It seems Ring could have been a bit more ambitious with the methods to arm the alarm system passively. Imagine if competitors come up with a secure way to automatically arm their alarm system when all family phones are more than 500 feet from home. The Ring Alarm uses the more traditional keypad or app method, which requires all family members to remember to arm the system when leaving home, with a very high risk of simply forgetting to do so.
I'm currently using wired Ethernet to link my Ring Alarm Hub to my home's network, but I may move it to my guest WiFi network instead, to help mitigate the risk that anything cloud attached poses to my home's network. Then again, WiFi jamming would then become the attack vector.
For now, this Ring Alarm isn't my only security system. Not until Amazon's Ring takes further steps to earn my trust.
So far, the fit, finish, and quality seem right up to par with the rest of the Ring products, and I'm relieved the product actually shipped. Time will tell how easy the system is for my family to use, and how well the sensors seem to actually work.
Upcoming water leak detection via the upcoming Alarm Flood & Freeze Sensor, and integration with my existing smoke detection system via the upcoming Alarm Smoke & CO Listener, are of interest to me. Prices for Ring's products are likely to continue be far less prohibitive than Google Nest.
Please consider stopping by TinkerTry again soon to see my updates right below this article!
If you found value in this article and/or video, please consider using one of these links when buying your own Ring Alarm Home Security System, available now on Amazon, Best Buy, and directly from (non-affiliate-link) ring.com.
TinkerTry.com, LLC is a participant in the Amazon Services LLC Associates Program, an affiliate advertising program designed to provide a means for TinkerTry to earn fees by linking to Amazon.com and affiliated sites. Amazon bought Ring for 13.4 billion dollars, back in March of 2018.
This article was written without Ring's permission or review, and purchased directly from Ring. It is not a review unit.
- My home's First Alert ONELINK system for smoke and carbon monoxide detection includes voiced warnings, with optional smartphone alerts
Jun 14 2013
- Guard Response Verification Service
Verified Response is a dispatch protocol employed by emergency response departments in some jurisdictions in an effort to reduce false alarms. In practice, it means that an alarm signal must be confirmed to be a real emergency before local emergency responders (such as police and fire departments) can be dispatched to the alarm site or will respond to a dispatch request.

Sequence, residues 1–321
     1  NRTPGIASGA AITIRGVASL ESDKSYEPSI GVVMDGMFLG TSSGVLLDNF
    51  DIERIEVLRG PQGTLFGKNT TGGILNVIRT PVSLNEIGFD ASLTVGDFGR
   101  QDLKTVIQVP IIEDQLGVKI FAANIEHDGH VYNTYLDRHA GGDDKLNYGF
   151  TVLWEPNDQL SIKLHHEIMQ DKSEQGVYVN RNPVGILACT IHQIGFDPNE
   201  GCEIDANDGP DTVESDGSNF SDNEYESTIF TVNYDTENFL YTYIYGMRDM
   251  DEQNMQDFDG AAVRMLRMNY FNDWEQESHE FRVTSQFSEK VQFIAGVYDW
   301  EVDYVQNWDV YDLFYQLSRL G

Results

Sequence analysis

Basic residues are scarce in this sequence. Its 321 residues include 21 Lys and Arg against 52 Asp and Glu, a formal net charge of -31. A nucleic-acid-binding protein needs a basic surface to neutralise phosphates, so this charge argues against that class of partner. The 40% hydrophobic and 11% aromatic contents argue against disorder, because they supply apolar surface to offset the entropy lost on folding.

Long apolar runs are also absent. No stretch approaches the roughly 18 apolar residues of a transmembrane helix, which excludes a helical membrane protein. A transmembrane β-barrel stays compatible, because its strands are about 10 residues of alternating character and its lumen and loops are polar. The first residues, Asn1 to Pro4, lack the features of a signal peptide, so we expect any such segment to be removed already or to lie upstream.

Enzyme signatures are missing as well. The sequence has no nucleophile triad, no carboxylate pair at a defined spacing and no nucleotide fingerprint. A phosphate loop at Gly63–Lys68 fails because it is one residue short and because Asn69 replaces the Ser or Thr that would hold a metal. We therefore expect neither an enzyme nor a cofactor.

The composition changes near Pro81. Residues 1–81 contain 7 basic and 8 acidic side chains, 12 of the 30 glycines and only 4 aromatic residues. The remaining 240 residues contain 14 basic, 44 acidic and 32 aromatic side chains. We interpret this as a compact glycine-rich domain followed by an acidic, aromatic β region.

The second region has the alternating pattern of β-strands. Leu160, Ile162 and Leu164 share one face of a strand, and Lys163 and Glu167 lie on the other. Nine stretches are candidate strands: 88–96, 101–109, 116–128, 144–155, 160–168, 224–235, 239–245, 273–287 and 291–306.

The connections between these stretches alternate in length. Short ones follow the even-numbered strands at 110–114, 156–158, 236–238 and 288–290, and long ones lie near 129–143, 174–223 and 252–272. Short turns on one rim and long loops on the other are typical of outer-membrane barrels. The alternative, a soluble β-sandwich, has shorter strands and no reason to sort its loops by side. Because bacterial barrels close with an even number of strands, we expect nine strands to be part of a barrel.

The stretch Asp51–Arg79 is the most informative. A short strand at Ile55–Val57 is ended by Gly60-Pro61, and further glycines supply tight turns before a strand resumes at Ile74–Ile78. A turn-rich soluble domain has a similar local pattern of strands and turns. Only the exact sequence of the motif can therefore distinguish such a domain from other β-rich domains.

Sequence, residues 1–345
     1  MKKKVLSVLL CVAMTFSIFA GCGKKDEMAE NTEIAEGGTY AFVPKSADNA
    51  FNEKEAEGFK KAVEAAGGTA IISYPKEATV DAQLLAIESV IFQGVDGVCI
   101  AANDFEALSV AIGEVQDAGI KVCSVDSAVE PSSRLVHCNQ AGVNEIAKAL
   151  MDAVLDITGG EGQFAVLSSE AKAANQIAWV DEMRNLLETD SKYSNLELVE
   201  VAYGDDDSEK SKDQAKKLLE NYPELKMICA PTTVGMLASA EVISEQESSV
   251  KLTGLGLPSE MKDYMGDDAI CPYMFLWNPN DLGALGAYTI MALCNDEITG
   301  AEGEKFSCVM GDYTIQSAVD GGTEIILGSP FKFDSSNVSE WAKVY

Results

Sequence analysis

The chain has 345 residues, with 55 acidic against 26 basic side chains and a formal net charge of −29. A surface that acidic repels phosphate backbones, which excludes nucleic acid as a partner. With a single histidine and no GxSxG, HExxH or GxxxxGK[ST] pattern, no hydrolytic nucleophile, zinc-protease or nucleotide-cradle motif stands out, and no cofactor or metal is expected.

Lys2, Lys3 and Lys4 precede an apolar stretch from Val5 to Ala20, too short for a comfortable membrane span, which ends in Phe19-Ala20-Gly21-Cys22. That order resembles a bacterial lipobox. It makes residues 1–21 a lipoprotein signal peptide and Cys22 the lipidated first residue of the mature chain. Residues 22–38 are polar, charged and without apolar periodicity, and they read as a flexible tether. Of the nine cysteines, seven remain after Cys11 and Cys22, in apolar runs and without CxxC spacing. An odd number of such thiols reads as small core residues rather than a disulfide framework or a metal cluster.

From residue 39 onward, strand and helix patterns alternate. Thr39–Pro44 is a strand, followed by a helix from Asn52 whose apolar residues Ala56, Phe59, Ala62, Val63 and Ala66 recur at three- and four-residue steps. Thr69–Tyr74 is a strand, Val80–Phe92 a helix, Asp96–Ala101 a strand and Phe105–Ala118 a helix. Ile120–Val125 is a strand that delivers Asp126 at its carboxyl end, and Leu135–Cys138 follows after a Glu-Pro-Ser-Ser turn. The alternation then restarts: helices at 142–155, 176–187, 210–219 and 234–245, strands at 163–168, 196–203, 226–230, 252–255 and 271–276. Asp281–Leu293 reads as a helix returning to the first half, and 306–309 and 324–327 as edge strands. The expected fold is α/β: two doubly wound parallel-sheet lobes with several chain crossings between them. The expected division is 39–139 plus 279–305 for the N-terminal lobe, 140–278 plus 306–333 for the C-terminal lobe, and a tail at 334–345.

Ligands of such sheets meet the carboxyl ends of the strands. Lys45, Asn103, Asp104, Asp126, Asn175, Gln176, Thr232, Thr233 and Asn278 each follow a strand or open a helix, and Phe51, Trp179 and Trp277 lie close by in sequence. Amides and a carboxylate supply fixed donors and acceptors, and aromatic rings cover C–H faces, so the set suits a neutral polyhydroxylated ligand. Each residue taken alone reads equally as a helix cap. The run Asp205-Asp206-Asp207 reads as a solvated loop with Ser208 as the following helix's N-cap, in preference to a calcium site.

- Ring Alarm review: simple, cheap home security
Jul 03 2018 by Dan Seifert at The Verge
- Review: Ring Alarm is a $199 Do-It-Yourself Home Security System That Keeps Things Simple
Jul 03 2018 by Eric Slivka at MacRumors
- Ring Alarm Security Kit
Jul 03 2018 by John Delaney at PCMag
- A Ring doorbell vulnerability lets people snoop even after a password change
Ring is promising to do better, and urges folks not to share login details
May 13 2018 by Lulu Chang at Digital Trends
This doesn’t bode particularly well for Amazon, which was planning to use Ring video doorbells as part of a secure solution for delivery programs like Amazon Key, which allows delivery personnel to drop off packages directly into someone’s home. But if Ring doorbells can’t even protect against an ex-boyfriend, it will be difficult for Amazon to convince customers that they’ll protect against other ill-intentioned actors.
- Huge Vulnerability Discovered in the Ring Doorbell
Mar 09 2017 by James Schaefer at IoT for all
According to Ring, if the Ring device loses connectivity unexpectedly at the end of a transmission, it sends the final video/audio packets to an un-routable address, essentially throwing them away. Unfortunately for Ring, that isn’t what the device actually does, instead it routes packets to an IP address in China owned by Baidu, a Chinese search engine.
Besides raising serious privacy concerns about what exactly is being sent in the end-of-call packets and who may be receiving them, this behavior creates a potential back-door into the Ring device by opening a hole in the Wi-Fi network the Ring is on, such that data coming back from China can get through a router to to the device.
- Ring's smart doorbell can leave your house vulnerable to hacks
Jan 13 2016 by Megan Wollertoin at c|net